The etiology and risk factors for younger patients diagnosed with SCC of the tongue is not without uncertainty. Risk factors such as smoking tobacco products and drinking alcohol have decreased for this specific age group compared to adults greater than 40 years old [1-4,11-28]. However, some authors speculate that these substances, recognized as carcinogenic in older adults may also be the etiology in younger patients. But, the duration of exposure to these agents would be too short to induce malignant transformation. To determine the reason why there is an increase in the number of reported cases of SSC of the tongue in this age group, other risk factors have been considered, such as socioeconomic conditions, oral hygiene status, dental trauma, viral infections, diet and immunodeficiency status [15-28].
Some clinicians have suggested that SCC of the tongue in younger patients may represent an entirely different disease entity at the genetic level . It has been hypothesized that exposure of the oral epithelium to carcinogens in childhood may increase the development of cancer of the head and neck region in this group of patients . Genetic vulnerability may also play a role in oral carcinogenesis together with exposure to carcinogens. In some patients, susceptibility to develop oral cancer may be due to impaired ability to repair damaged DNA [31,32]. Sorenson and colleagues  reported that the p53 tumor suppressor gene mutation occurs less frequently among women with cancer of the tongue who do not consume alcohol and in older patients. Lingen et al.  discovered high levels of p53 mutations with younger, non-smoking individuals and concluded that the etiology for the observed mutations is different and may represent a different pathological entity . Additional research in molecular biology at the genetic level are needed to identify the risk factors of SCC of the tongue in young adults.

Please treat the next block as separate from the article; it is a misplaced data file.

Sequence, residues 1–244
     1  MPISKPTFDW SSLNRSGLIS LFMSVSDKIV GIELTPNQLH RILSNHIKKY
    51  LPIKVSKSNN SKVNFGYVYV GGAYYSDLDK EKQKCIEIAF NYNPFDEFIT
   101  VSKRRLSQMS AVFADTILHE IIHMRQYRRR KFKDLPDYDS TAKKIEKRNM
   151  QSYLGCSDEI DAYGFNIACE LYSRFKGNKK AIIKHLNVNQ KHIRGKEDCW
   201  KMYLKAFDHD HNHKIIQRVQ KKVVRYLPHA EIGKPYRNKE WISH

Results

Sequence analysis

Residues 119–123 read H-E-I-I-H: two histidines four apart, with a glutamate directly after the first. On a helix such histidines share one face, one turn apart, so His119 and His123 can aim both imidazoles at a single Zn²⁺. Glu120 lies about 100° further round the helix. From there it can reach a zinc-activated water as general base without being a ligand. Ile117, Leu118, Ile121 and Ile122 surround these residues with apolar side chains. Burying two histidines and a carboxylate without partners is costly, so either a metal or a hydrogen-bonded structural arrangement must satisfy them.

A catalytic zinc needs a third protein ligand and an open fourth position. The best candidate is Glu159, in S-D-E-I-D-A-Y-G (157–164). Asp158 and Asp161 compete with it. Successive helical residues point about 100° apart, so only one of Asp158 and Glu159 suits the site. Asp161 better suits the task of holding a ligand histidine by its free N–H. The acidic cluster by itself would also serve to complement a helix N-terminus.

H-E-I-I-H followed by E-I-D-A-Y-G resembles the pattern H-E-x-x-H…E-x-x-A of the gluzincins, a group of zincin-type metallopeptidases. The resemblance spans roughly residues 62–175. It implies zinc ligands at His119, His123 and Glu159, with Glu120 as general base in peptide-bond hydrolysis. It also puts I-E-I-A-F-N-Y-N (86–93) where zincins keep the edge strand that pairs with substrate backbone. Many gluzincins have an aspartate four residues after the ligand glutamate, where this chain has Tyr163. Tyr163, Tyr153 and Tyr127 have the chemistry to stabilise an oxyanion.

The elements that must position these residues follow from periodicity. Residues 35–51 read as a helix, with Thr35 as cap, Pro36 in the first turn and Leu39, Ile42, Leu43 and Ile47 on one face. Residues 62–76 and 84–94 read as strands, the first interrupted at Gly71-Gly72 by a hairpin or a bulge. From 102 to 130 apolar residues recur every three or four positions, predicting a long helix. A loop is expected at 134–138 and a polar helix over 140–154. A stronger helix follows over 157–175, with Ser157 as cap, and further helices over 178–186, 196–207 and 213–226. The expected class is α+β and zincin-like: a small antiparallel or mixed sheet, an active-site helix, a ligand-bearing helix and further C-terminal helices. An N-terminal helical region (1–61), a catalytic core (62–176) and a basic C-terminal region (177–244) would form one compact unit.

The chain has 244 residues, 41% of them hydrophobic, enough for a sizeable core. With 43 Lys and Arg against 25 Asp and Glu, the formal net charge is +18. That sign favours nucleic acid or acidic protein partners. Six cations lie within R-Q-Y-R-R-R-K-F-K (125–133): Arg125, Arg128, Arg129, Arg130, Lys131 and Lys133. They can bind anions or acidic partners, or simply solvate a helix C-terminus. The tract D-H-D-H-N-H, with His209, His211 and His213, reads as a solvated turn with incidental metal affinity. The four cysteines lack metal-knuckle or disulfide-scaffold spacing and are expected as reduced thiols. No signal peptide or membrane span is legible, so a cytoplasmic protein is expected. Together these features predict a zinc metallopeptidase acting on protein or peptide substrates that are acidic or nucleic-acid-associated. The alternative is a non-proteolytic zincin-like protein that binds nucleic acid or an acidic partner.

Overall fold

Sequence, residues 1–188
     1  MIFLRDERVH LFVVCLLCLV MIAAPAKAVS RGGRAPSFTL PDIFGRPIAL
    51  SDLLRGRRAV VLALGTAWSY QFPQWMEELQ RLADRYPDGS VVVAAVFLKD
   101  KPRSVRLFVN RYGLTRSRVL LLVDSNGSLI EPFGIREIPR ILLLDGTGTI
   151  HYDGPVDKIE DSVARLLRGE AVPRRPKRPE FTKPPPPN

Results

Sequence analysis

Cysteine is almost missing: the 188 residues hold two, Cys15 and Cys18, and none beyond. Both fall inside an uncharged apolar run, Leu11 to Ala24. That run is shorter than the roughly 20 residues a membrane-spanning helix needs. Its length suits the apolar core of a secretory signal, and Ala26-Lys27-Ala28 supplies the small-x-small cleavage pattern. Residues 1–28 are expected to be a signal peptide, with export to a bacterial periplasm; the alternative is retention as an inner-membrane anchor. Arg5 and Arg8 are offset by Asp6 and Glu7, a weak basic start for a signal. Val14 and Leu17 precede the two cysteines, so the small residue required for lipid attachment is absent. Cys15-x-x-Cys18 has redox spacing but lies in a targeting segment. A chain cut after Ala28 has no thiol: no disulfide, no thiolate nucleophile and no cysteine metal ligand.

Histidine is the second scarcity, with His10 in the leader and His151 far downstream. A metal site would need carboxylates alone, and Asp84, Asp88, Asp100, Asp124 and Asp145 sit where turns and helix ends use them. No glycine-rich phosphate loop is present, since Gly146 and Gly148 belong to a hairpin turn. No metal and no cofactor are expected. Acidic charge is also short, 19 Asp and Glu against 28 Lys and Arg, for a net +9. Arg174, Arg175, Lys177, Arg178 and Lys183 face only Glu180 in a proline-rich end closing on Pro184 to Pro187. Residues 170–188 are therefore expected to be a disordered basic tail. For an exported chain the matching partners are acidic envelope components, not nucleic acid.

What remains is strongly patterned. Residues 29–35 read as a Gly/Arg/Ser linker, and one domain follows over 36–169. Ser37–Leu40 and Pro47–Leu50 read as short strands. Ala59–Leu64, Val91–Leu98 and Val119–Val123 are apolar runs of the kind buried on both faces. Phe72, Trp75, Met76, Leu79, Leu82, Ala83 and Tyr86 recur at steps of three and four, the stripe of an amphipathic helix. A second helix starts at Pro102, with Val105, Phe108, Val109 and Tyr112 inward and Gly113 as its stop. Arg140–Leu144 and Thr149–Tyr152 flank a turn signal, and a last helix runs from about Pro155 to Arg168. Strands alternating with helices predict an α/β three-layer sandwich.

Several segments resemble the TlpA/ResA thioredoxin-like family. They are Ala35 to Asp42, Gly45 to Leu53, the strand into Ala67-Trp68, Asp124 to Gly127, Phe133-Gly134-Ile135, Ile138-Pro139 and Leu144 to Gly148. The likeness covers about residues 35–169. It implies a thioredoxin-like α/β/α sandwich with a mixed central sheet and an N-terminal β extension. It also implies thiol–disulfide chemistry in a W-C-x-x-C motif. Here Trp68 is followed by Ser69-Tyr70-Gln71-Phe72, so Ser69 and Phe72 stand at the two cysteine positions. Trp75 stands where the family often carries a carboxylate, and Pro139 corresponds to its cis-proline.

The authors declare no financial interest in any of the products cited in this manuscript.
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Article Type: Case Report
Citation: Lee CYS, Hirata KY (2016) Squamous Cell Carcinoma of the Tongue in a 21-Year Old Female: A Case Report with Review of the Literature. Int J Dent Oral Health 3(1): doi http:// dx.doi.org/10.16966/2378-7090.223
Copyright: © 2016 Lee CYS, et al. This is an open-access article distributed under the terms of the Creative Commons Attribution License, which permits unrestricted use, distribution, and reproduction in any medium, provided the original author and source are credited.